Madness In Edgar Allan Poe's The Tell-Tale Heart

1544 Words7 Pages
The slow descent into madness has long been a pertinent theme in both film and literature. A man with the semblance of sanity finding himself wrought by his madness as his rational faculty wanes and his actions become sadistic is not only fascinating but also unsettling. It is that unnerving element that makes it all so alluring, because madness, as 19th-century romantic writer Edgar Allan Poe has suggested through his works, is inherent in all of us; we’re all a little mad. Poe uses this slow descent into madness as a catalyst in his horror themed prose-tale, “The Tell-Tale Heart” to instill terror. This portrait of a psychotic personality Poe has created carried over on Hollywood films. Like the Tell-Tale narrator, John Doe’s modus operandi…show more content…
The story begins with the narrator defending his sanity. He starts, his tone marked with confidence, “How then I am mad? Harken! and observe how healthily—how calmly I can tell you the whole story” (715). Rather than defending his innocence, he explains why his crime isn’t insane, but justifiable. By asserting his sanity at the beginning and failing to protect his innocence, we are exposed to his true madness. The narrator also indicates that his placid disposition in his retelling of the story serves as further evidence of his sanity, but fails to realize that by deemphasizing his cruel acts, more of his insanity is revealed. Hollie Pritchard underscores this in her analysis essay “Poe’s The Tell-Tale Heart.” Pritchard explains, “The action of the narrator, combined with his insistence that he’s not mad, lead readers to determine that he must suffer from a psychological disorder” (144). Had he started his narrative differently without asserting his sanity, his psychotic personality might have been less apparent. His overemphasis equates to a guilt-ridden child trying to remove suspicion from…show more content…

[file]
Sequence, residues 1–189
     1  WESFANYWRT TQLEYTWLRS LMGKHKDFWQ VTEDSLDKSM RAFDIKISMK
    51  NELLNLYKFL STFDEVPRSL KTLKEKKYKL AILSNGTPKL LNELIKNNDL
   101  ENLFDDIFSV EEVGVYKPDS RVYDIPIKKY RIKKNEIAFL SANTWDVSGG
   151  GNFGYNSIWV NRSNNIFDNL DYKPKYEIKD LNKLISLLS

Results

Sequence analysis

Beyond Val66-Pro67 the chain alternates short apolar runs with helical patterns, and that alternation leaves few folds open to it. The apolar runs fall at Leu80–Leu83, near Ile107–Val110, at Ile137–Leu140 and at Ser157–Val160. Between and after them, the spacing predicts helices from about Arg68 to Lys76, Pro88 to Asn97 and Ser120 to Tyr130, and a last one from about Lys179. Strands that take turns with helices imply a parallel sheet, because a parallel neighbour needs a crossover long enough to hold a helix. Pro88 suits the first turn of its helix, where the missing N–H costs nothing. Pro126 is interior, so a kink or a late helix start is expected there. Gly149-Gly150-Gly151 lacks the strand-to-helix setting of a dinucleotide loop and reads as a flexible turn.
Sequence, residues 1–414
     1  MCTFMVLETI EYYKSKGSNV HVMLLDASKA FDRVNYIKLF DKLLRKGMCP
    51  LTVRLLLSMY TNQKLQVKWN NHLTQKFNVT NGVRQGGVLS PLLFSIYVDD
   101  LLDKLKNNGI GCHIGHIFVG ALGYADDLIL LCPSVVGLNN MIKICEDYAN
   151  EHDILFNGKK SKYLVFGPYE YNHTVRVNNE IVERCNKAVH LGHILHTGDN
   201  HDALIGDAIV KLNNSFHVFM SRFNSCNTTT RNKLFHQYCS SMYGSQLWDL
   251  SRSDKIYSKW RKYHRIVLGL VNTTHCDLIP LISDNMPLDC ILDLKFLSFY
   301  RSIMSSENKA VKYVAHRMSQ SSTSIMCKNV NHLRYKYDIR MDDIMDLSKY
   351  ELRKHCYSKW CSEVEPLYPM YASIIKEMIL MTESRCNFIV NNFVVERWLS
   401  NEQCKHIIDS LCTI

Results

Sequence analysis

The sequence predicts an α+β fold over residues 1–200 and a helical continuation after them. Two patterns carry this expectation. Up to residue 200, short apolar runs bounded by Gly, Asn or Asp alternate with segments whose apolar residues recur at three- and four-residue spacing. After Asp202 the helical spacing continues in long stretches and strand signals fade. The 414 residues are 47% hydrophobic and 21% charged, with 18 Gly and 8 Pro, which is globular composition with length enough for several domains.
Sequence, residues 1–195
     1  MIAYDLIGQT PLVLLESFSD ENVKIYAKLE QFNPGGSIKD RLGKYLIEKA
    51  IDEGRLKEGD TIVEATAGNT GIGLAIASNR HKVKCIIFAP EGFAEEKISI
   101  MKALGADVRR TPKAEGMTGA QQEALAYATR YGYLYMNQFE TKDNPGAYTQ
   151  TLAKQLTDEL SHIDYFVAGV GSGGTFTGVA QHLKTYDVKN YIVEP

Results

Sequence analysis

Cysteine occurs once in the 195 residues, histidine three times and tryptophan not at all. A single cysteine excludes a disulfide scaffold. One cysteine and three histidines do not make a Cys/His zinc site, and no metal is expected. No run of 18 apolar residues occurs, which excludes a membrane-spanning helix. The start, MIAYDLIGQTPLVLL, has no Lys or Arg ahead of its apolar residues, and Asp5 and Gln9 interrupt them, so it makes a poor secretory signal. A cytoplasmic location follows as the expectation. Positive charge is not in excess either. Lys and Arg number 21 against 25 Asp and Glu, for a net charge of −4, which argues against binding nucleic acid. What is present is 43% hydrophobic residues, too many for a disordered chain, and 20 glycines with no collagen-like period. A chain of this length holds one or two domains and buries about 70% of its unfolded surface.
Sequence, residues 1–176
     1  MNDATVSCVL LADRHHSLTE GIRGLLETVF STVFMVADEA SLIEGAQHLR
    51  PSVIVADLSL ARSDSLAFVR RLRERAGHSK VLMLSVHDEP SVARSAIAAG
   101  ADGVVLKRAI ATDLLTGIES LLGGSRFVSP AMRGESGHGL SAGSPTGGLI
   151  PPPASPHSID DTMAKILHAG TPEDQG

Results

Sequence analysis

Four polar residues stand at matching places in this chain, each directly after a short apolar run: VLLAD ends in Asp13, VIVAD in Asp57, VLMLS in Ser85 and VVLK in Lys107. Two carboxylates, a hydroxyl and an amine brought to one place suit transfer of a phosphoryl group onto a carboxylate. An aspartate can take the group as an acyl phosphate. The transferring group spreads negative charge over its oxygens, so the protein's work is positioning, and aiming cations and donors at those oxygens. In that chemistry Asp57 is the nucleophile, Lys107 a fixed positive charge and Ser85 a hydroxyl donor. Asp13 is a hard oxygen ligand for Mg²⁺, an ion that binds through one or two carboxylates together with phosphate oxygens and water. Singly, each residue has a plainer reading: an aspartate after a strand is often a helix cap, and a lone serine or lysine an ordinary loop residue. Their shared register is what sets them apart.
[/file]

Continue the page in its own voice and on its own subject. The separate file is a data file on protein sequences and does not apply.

Whereas the narrator of Telltale heart insist that his reason for killing the old man is because of his [vulture] eye, Doe claims that he’s performing God’s will. The two psychotic personalities use a faulty rational faculty to veil their madness. The narrator claims, “I think it was his eye!—yes, it was this! He had the eye of a vulture…I made up my mind to take the life of the old man, and thus rid myself of the eye forever” (715). The narrator blames his actions on the man’s eye. His confession of loving the old man and then resolving to kill the old man shows a discordance, an attempt to cover up his insanity. By providing a reason, the narrator believes his actions are sane and acceptable. The discordance of his words and actions, however, indicate that his actions are not sane and are unacceptable. This parallels John Doe’s efforts, because admits his reason for murdering people is to remind them of God’s will. At one point in the film, David Mills, one of the FBI agents trailing Doe, exchanges a few words with him, trying to understand his reasoning. The two
Open Document